Paris: A rainforest area the size of Spain will be destroyed by firms growing consumer staples like palm oil in the decade to 2020, industry's self-imposed deadline to end deforestation, Greenpeace said Tuesday.
Some of the world's largest consumer brands -- including Nestle and Unilever -- had pledged in 2010 to reach net zero deforestation within a decade through "responsible sourcing" of cattle, palm oil, soya and other commodities.
But since that pledge was signed, the pace of deforestation linked to commodities has increased "dramatically" and helped destroy at least 50 million hectares of forest, according to a new analysis carried out by Greenpeace.
"These companies are destroying our children's future by driving us towards climate and ecological collapse," said Anna Jones, global project lead for forests at Greenpeace UK.
"They've wasted a decade on half-measures and in that time, vast areas of the natural world have been destroyed."
Since 2010, the area of Brazilian rainforest planted with soya -- which is used to feed animals sold for meat -- has increased by 45 per cent.
In Indonesia, palm oil production is up three quarters since the start of the decade and the footprint of cocoa production in the Ivory Coast has surged 80 per cent, said the charity.
Bob Watson, chair of the UN's IPBES biodiversity panel that warned in April that one million species are threatened with extinction, said in a foreword to Tuesday's report that the world's agricultural system is "broken".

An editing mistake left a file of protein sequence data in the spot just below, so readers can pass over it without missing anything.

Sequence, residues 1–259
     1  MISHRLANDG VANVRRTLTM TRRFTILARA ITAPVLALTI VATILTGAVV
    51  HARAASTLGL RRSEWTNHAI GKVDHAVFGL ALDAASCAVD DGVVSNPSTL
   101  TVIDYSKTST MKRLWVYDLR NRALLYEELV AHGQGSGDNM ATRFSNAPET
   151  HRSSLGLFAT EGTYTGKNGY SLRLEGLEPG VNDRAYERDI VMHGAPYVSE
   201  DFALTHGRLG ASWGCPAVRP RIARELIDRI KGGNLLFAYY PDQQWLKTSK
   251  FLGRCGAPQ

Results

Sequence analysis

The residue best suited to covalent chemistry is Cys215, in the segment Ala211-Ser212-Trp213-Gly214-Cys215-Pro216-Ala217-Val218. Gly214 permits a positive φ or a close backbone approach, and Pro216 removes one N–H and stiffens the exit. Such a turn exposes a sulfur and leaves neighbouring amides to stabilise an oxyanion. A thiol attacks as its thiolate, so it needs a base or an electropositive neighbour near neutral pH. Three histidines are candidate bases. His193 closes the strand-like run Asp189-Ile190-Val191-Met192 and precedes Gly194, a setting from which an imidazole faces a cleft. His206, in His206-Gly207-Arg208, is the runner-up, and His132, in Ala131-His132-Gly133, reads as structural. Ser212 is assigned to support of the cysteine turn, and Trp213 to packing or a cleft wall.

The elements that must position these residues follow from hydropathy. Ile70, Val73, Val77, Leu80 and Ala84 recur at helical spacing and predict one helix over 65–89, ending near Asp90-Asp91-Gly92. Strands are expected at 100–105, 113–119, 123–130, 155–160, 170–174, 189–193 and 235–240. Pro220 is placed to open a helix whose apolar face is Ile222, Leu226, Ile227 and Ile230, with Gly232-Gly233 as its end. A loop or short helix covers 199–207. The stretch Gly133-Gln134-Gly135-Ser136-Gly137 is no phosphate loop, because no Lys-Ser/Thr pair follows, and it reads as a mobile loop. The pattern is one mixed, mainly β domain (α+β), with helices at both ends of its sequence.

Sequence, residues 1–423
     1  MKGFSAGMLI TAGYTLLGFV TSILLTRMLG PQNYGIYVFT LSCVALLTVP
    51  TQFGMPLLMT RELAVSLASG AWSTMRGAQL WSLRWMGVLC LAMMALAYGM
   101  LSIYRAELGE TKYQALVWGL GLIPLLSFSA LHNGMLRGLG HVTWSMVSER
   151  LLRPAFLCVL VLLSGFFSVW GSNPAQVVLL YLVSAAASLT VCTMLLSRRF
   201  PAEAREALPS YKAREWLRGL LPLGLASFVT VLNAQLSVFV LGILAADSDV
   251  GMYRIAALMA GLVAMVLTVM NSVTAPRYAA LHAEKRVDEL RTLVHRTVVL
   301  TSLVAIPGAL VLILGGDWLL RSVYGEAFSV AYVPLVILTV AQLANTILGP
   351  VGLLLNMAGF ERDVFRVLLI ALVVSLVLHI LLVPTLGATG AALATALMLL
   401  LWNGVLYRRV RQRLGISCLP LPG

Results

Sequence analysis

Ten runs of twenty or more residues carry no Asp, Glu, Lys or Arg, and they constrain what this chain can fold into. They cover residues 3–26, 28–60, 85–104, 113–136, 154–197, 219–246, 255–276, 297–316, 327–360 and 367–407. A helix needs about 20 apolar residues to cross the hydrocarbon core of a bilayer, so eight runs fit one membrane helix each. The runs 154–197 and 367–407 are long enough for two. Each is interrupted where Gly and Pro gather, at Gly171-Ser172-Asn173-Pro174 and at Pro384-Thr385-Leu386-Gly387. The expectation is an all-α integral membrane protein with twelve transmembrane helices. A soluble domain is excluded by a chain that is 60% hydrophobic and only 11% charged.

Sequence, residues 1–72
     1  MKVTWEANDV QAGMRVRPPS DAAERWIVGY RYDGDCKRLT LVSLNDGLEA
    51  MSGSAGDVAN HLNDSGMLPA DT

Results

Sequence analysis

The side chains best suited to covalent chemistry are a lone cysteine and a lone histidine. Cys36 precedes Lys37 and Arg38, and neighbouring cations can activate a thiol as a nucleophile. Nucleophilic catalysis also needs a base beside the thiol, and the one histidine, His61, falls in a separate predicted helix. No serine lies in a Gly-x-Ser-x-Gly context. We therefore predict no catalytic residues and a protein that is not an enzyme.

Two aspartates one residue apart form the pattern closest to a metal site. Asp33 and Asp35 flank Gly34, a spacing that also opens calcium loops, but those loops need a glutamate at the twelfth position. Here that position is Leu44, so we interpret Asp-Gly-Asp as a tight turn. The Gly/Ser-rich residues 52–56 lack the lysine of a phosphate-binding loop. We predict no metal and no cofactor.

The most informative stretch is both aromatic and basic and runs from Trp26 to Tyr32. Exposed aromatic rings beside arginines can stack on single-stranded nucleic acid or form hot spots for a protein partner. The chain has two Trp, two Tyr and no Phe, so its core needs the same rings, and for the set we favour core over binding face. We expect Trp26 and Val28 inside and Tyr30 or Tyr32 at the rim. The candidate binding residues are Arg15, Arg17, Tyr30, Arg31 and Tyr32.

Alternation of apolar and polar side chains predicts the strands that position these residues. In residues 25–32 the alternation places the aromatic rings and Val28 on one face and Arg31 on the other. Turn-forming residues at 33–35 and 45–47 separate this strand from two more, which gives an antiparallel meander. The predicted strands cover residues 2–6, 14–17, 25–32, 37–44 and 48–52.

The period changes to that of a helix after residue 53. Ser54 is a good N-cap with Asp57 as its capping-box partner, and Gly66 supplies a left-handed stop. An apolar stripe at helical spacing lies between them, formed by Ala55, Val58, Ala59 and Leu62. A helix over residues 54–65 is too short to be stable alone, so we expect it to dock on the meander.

"If we keep producing food using current unsustainable agricultural practices, we will undermine future food production," he said.
The 2015 Paris agreement on climate aims to limit global temperature rises to "well below" two degrees Celsius (3.6 Farenheit) and to 1.5C if possible.
To do so, nations must drastically reduce their greenhouse gas emissions, yet those emissions continue to rise year-on-year.
Rainforests currently absorb up to 30 per cent of all manmade greenhouse gas emissions and are vital hotspots of biodiversity, containing plants from which around a quarter of all medical drugs are made.
Cutting them down provides a double threat to the environment: it removes a vital sink for planet-warming gases in our atmosphere and produces more carbon dioxide, methane and nitrous oxide used and expelled by industrial-scale agriculture.
The global meat industry alone is estimated to account for as much as 18 per cent of all manmade emissions. Meat consumption is forecast to soar 76 per cent by mid-century and emissions from livestock expected to rise in lockstep.
In addition, labyrinthine global supply chains, including processing and shipping, pump ever more greenhouse gases into the air with very little oversight from governments or monitors.
The most recent assessment by Global Forest Watch said the world lost tree cover of 24.8 million hectares in 2018 -- an area around the size of Britain.
Greenpeace accused firms of failing to follow through on their pledges to reduce the ruinous environmental impact their business plans were having.
"They should be in crisis talks right now, but they're still trying to grow demand for products that will drive forest destruction even further," said Jones.
The Consumer Goods Forum, which meets this week in Vancouver, told AFP that its members stood by their promises to work towards net zero deforestation.
"But over the last nine years we have also learned that the forces driving deforestation are more complex than almost any stakeholder realised in 2010," it said.